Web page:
Tuesday, the White House released its budget proposal. While most of the national news has highlighted the cuts to Medicaid, Food Stamps and other...
Reverse Osmosis Membranes Maintenance Costs Reduced
At the Procter & Gamble manufacturing plant in
Greensboro, N.C., an Aquionics ultraviolet (UV) dechlorination unit was
installed before two banks of reverse osmosis (RO) membranes. Before this
system was installed, dechlorination was achieved using sodium bisulfite.
Chlorine is widely used for water disinfection in many
difference process industries. Because of its properties, however, it can
damage delicate process equipment such as RO membranes and deionization (DI)
resin units and must be removed once it has performed its disinfection
function. To date, the two most commonly used methods of chlorine removal have
been granular activated carbon (GAC) filters or the addition of neutralizing
chemicals such as sodium bisulfite.
Both of these methods have their advantages, but they also
have a number of significant drawbacks. GAC filters have a porous structure and
nutrient-rich environment, which become a breeding ground for bacteria.
Dechlorination chemicals such as sodium bisulfite, which usually are injected
just in front of RO membranes, also can act as incubators for bacteria, causing
biofouling of the membranes. In addition, these chemicals are hazardous to
handle and there is a danger of over- or under-dosing due to human error.
An increasingly popular dechlorination technology with none
of the drawbacks the chemicals may have is UV treatment. High intensity,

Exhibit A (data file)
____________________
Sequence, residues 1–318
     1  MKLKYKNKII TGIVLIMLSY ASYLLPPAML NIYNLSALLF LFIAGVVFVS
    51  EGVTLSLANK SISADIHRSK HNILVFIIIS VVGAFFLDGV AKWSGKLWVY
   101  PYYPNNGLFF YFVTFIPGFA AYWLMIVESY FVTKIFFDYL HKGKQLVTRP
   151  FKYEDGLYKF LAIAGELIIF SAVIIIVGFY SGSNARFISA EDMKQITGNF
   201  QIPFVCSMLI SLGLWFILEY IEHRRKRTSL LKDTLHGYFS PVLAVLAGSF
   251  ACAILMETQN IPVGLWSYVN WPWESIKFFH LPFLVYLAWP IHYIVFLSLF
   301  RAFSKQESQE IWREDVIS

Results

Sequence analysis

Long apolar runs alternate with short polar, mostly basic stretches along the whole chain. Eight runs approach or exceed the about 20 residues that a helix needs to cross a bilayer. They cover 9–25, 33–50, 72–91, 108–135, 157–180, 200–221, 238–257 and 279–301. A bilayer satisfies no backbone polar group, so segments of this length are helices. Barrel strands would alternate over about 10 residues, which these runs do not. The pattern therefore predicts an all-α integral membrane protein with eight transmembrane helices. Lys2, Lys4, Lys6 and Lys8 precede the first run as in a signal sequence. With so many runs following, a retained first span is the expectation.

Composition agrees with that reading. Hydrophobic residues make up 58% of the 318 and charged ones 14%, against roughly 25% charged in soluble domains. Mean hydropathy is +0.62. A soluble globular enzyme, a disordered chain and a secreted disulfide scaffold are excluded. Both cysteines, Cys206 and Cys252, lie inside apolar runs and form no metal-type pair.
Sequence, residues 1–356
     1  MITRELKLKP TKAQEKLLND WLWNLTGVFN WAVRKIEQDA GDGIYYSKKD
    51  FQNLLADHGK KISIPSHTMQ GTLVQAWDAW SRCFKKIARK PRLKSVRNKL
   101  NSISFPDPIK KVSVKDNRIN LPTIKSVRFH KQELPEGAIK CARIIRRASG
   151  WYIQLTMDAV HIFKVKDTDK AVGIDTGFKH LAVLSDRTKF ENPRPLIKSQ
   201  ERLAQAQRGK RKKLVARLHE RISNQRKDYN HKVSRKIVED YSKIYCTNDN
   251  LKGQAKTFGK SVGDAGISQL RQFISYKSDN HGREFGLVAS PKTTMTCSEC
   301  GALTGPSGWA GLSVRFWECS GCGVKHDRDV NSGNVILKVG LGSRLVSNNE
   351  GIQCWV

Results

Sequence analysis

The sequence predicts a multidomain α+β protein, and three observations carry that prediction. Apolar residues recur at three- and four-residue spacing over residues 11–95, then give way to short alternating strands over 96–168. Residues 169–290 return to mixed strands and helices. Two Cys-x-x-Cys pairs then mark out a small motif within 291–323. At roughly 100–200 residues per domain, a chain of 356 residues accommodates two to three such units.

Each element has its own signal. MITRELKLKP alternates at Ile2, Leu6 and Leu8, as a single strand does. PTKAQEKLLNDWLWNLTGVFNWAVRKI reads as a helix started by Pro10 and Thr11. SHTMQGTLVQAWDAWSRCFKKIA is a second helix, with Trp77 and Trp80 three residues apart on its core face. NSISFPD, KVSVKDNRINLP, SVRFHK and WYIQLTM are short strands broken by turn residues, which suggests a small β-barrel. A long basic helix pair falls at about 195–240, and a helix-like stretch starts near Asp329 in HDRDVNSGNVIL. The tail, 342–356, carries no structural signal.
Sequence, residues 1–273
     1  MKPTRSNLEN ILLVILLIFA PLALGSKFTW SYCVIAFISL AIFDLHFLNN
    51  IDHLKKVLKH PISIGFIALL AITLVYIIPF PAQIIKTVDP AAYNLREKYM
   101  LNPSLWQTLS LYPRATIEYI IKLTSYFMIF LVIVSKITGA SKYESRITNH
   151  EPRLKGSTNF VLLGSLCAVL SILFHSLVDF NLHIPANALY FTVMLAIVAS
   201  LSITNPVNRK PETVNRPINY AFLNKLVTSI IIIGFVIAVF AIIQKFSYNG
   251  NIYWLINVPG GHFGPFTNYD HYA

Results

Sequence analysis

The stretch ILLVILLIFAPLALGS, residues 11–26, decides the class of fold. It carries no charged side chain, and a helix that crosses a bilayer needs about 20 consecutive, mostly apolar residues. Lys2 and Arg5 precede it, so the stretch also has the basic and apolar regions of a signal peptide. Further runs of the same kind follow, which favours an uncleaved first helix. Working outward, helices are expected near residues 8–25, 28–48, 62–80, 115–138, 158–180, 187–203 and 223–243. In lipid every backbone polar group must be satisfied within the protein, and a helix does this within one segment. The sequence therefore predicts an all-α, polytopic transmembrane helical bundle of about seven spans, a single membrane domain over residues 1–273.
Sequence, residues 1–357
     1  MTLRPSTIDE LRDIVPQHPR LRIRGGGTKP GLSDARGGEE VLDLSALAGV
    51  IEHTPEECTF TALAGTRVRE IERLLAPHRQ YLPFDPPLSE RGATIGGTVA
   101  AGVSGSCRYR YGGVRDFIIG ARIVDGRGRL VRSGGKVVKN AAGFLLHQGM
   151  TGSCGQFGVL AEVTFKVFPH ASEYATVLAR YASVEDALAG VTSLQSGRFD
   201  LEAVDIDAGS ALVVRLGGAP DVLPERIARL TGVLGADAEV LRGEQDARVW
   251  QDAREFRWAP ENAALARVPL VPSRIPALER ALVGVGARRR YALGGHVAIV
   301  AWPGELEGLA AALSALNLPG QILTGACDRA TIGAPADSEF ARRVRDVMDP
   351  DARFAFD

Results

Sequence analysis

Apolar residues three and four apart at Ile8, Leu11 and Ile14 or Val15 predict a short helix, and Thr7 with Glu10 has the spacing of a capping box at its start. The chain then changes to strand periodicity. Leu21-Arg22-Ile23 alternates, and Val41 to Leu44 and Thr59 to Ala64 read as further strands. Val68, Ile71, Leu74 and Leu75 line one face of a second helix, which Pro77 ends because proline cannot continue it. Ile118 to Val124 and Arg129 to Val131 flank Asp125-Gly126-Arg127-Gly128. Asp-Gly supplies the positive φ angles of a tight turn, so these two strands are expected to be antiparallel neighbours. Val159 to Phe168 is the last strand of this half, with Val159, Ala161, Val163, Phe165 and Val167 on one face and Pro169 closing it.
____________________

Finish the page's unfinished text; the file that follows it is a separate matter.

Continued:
broad-spectrum UV systems dissociate both free chlorine and chloramine
compounds (mono-, di- and tri-) into easily removed byproducts. UV has the
added benefit of providing both high levels of microbial disinfection and total
organic carbon (TOC) destruction.
Trials that ran soon after the UV system’s
installation showed a dramatic reduction in the RO membrane wash
frequency—down from an average of eight cleanings per month to only two
“We are very pleased with the UV system,” said
Kurt Loughlin, utilities process engineer at Proctor & Gamble. “Not
only have we saved money since it was installed, but the disruption caused by
plant shutdowns as a result of RO membrane fouling also has been significantly
reduced. UV provided a high standard of dechlorination without any of the
drawbacks we faced with chemicals of GAC filters.”
With the dramatic reduction of cleanings came savings of
approximately $70,000 annually. The number of shutdowns for RO membrane
maintenance also was significantly reduced.